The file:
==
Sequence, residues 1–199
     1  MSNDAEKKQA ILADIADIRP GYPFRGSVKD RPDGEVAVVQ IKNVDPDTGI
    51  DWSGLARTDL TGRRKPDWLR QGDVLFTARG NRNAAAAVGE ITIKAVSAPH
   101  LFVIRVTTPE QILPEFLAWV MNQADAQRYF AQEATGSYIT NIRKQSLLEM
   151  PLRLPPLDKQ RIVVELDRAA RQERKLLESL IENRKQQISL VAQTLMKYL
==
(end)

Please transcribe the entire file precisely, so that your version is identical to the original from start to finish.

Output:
Sequence, residues 1–199
     1  MSNDAEKKQA ILADIADIRP GYPFRGSVKD RPDGEVAVVQ IKNVDPDTGI
    51  DWSGLARTDL TGRRKPDWLR QGDVLFTARG NRNAAAAVGE ITIKAVSAPH
   101  LFVIRVTTPE QILPEFLAWV MNQADAQRYF AQEATGSYIT NIRKQSLLEM
   151  PLRLPPLDKQ RIVVELDRAA RQERKLLESL IENRKQQISL VAQTLMKYL